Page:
Benjamin Studebaker

Yet Another Attempt to Make the World a Better Place by Writing Things

Category: Politics

What the Midterms Tell Us About How to Oppose Trump

The Midwest is increasingly the critical region in American politics. It is the only region in which large numbers of states flipped from Obama to Trump in 2016, and in the 2018 Midterms the Midwest was once again the site of many of the most interesting results. For me, this region includes Minnesota, Wisconsin, Iowa, Illinois, Michigan, Indiana, Ohio, and Pennsylvania. I don’t include agricultural red states like the Dakotas or Missouri, which have voted Republican in every presidential election since 1996.

Despite their shift toward Trump in 2016, many of these Midwestern states demonstrated a willingness to support Democrats in 2018. In the Senate, Minnesota, Wisconsin, Michigan, Ohio, and Pennsylvania, Democrats held the line against Republican challengers, losing only in Indiana. In governor races, Democrats retained Minnesota and Pennsylvania, and took Wisconsin, Illinois, and Michigan from the Republicans. The Republicans were able to defend their hold on Iowa and Ohio.

In much of the writing about the midterms, the focus has been on Democratic successes in the Southwest. Observers praise Beto O’Rourke for nearly beating Ted Cruz in Texas and are excited about the Democrats’ performance in the Arizona and Nevada Senate races. But I think this emphasis is a mistake. We are repeating the errors of the Clinton campaign–trying to compete nationally by demographically changing the South instead of creating messages that can win in the Midwest.

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The Southernization of the Midwest

Amidst the talk of House and Senate races in the midterms, there are a number of Midwestern states in which there is a significant chance that Democrats will take governorships. In 2008, Barack Obama won Iowa, Minnesota, Wisconsin, Illinois, Indiana, Michigan, Ohio, and Pennsylvania. In 2016, Hillary Clinton won only Illinois and Minnesota, and Minnesota was a close call, decided by just a single point. This is the region that has changed the most politically in the last decade. Most of these states have, at some point in the last 10 years, fallen under control of a Republican governor who has attempted to radically reform their labour laws and pension systems in bids to remodel these Midwestern states after the states of the deep south. Their strategy is simple–lower taxes, stifle wage growth, strangle unions, kill regulations, and pirate jobs and investment from the states that fail to do the same. It’s a great Midwestern race to the bottom. But at the midterms on Tuesday, there’s an opportunity to throw some sand in the Republican gears. Here follows the story of each of these states, to inspire you and your friends to do what you can to save each of them from southernization.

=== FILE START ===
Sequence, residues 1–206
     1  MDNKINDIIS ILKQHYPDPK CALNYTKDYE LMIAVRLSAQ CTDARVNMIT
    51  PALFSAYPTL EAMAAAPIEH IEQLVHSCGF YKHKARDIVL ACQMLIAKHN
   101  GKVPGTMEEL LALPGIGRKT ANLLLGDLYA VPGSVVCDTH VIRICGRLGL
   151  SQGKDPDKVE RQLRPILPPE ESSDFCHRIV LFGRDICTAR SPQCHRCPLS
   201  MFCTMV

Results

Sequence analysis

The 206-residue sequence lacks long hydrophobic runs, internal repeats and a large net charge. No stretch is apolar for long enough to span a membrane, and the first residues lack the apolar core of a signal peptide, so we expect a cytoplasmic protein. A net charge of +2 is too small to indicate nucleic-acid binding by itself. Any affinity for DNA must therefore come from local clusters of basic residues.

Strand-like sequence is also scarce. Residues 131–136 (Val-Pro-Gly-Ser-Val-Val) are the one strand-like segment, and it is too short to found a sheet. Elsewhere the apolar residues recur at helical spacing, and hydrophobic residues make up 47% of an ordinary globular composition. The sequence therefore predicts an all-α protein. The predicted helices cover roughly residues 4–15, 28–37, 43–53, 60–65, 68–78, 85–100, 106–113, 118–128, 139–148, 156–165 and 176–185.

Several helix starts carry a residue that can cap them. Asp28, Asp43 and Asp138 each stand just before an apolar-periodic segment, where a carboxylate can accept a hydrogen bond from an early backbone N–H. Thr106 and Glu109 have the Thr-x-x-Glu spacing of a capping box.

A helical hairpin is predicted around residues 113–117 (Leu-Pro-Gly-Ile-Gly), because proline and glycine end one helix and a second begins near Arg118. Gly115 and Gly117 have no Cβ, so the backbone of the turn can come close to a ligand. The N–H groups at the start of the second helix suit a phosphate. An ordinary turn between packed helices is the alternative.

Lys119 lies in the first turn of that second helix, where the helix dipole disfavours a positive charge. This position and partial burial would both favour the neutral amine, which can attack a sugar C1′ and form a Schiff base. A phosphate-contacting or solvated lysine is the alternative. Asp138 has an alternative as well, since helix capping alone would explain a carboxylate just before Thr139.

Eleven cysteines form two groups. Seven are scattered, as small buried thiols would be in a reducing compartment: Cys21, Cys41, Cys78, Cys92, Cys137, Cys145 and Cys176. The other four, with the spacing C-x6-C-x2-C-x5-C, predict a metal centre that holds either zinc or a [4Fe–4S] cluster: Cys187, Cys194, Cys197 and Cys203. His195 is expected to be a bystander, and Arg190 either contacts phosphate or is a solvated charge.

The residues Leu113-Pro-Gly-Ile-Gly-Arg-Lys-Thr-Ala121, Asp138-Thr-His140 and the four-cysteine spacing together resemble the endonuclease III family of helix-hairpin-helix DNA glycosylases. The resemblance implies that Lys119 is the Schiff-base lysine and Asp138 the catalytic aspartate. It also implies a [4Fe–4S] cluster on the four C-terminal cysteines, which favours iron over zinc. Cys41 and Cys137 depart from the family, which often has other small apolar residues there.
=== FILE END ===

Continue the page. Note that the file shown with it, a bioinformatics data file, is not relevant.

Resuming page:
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The Decline and Fall of Elizabeth Warren

There was a time when everyone on the left in the United States liked Senator Elizabeth Warren (D-MA), when she seemed like the most left wing option available in a sea of swamp creatures. Warren gave the left the Consumer Financial Protection Bureau in 2011, and in return she became its darling–the person everyone on the left wanted to see run for president, the person everyone on the left hoped could someday win. This is the story of how that changed. Read the rest of this entry »

A Critique of Sam Harris

Over at¬†Current Affairs, Nathan Robinson and Eli Massey have written¬†the critique of Sam Harris. Robinson offers a magisterial, detailed overview of the rhetorical sleights of hand Harris uses to give relatively weak, unoriginal positions the imprimatur of “science” and “reason”. I want to add something to this discussion–something Robinson touches on but which I want to stay with for a minute. There is a core problem with the way Harris thinks which necessarily generates bad takes on Islam and the Muslim world.

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The Supreme Court Post-Kavanaugh: A Grand Strategy for the Left

Now that it’s become clear that we’ve failed to stop Brett Kavanaugh, a fascinating debate is brewing about what the American left’s position ought to be with respect to the Supreme Court going forward. There are two big, radical proposals vying for people’s attention and support:

  1. Gather the senate supermajority necessary to impeach and convict Kavanaugh over the next several election cycles, then replace him with a Democratic Party nominee in 2021, 2023, or 2025.
  2. Gather a simple majority in the senate and a Democratic president and revive Franklin Roosevelt’s court-packing plan, increasing the number of Supreme Court justices until the court is forcibly shifted to the left.

I want to discuss the merits and demerits of both approaches and propose a long-term strategy that I think will be more effective than immediately picking up and running with either.

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